I’ve posted a lot of expert advice on how to improve decision making. But how can you get custom advice, tailored just for you? It’s easy.
Start a decision diary. Record what decisions you make and how they turn out. Over time you’ll have a blueprint for what works for you — and what doesn’t.
When we make a choice, solve a problem, come to a decision, we can record the process in a single place. We can put here a list of our observations, to make sure we remember them when the time comes; we can include, too, our thoughts, our inferences, our potential lines of inquiry, things that intrigued us. But we can even take it a step further. Record what we ended up doing. Whether we had any doubts or reservations or considered other options (and in all cases, we’d do well to be specific and say what those were). And then, we can revisit each entry to write down how it went. Was I happy? Did I wish I’d done something differently? Is there anything that is clear to me in retrospect that wasn’t before?
…And then, when we’ve gathered a dozen (or more) entries or so, we can start to read back. In one sitting, we can look through it all. All of those thoughts on all of those unrelated issues, from beginning to end. Chances are that we’ll see…that we make the same habitual mistakes, that we think in the same habitual ways, that we’re prey to the same contextual cues over and over. And that we’ve never quite seen what those habitual patterns are…
Other great minds have suggested similar solutions for making better decisions.
Whenever you make a key decision or take a key action, write down what you expect will happen. Nine or 12 months later, compare the actual results with your expectations… Practiced consistently, this simple method will show you within a fairly short period of time, maybe two or three years, where your strengths lie—and this is the most important thing to know.
This might sound serious and formal. Might sound like homework.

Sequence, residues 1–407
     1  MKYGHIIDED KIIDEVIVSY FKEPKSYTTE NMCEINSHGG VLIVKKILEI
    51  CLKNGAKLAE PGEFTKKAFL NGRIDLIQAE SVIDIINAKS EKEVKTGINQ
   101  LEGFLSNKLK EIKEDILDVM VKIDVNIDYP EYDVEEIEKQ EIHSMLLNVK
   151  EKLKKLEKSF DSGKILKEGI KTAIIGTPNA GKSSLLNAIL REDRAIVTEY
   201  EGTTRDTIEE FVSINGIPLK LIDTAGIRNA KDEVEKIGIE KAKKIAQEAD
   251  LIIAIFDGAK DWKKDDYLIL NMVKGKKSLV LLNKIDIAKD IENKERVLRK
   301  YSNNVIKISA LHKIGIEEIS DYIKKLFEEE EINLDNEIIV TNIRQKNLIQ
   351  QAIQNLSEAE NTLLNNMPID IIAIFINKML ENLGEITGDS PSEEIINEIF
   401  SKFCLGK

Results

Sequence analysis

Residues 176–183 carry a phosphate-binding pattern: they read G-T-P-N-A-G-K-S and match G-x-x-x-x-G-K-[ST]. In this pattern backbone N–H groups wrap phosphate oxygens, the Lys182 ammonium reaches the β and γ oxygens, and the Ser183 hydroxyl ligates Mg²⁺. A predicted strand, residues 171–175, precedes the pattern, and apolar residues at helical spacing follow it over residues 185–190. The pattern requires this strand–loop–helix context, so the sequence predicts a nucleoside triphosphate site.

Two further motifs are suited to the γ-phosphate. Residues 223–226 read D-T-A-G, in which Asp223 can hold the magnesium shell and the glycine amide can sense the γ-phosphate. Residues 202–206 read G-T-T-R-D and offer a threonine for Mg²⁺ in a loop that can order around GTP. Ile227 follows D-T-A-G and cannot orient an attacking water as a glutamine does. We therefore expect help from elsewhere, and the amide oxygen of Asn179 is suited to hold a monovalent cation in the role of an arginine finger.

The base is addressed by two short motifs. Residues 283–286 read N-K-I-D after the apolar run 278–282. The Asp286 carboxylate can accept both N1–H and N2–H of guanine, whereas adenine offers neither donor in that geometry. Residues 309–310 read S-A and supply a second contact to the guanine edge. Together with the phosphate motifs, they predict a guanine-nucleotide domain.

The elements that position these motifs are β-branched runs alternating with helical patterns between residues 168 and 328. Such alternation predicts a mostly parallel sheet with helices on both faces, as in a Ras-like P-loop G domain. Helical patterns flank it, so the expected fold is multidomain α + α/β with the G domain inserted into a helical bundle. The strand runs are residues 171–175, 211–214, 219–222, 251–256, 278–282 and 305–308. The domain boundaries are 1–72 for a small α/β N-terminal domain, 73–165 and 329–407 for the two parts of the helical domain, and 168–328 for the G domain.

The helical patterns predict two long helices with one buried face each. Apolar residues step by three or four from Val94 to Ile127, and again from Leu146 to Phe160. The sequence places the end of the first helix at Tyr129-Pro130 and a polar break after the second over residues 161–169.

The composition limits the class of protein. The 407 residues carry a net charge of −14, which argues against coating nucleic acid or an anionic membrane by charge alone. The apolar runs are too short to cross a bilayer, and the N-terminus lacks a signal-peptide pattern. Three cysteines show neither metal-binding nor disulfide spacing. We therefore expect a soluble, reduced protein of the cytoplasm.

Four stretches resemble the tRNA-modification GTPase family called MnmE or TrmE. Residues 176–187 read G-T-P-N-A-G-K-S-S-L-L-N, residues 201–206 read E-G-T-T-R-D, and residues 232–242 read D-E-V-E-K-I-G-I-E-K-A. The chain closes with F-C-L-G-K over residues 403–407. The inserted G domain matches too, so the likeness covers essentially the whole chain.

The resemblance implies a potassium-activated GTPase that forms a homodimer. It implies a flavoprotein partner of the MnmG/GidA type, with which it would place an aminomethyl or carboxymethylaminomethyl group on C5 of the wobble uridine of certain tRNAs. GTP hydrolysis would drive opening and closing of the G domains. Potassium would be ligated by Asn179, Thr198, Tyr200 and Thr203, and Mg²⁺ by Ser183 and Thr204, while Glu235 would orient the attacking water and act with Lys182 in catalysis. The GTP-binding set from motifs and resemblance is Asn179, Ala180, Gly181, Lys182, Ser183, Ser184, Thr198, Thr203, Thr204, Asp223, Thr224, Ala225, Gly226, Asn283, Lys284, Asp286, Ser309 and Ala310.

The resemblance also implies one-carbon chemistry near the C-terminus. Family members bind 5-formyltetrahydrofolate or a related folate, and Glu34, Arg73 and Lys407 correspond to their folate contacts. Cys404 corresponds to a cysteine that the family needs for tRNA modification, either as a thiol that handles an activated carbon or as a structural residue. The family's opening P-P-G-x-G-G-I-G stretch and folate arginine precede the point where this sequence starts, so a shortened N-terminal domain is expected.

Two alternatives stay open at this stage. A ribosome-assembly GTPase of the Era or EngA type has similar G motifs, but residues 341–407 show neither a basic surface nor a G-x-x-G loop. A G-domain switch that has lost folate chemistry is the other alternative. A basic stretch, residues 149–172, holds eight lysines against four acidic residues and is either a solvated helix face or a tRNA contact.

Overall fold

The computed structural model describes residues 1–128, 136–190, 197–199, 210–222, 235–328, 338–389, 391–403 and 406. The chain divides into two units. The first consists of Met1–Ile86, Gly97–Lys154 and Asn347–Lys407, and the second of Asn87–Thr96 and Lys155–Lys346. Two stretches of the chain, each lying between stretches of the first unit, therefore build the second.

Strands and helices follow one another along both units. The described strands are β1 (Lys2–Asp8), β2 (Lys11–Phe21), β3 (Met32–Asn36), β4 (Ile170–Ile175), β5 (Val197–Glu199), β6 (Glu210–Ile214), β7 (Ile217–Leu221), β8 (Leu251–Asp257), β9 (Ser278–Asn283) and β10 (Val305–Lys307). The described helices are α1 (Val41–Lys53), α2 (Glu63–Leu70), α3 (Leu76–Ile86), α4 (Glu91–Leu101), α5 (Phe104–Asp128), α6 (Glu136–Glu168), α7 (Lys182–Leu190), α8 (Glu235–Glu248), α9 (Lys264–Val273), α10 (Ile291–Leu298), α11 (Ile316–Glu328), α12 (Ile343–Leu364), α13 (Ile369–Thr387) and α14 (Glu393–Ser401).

But even when making decisions for our personal life, Harvard happiness expert Dan Gilbert reminds us we’re terrible at remembering what really makes us happy.
In Gilbert’s own words (and backed up by many studies):
We overestimate how happy we will be on our birthdays, we underestimate how happy we will be on Monday mornings, and we make these mundane but erroneous predictions again and again, despite their regular disconfirmation.
You’ve never made the same dumb mistake twice in a row?
By building a checklist of what decisions do and do not work, you can create a system for yourself that doesn’t rely on a faulty memory and isn’t subject to impulsive emotions and short-term thinking. And checklists work.
Harvard surgeon Atul Gawande analyzed their effectiveness in his book The Checklist Manifesto: How to Get Things Right.
What happens when you consistently use checklists across an intensive care unit? People stop dying:
The proportion of patients who didn’t receive the recommended care dropped from seventy per cent to four per cent; the occurrence of pneumonias fell by a quarter; and twenty-one fewer patients died than in the previous year. The researchers found that simply having the doctors and nurses in the I.C.U. make their own checklists for what they thought should be done each day improved the consistency of care to the point that, within a few weeks, the average length of patient stay in intensive care dropped by half.
Sadly, life doesn’t come with an instruction manual custom designed for you.
But you can make one.
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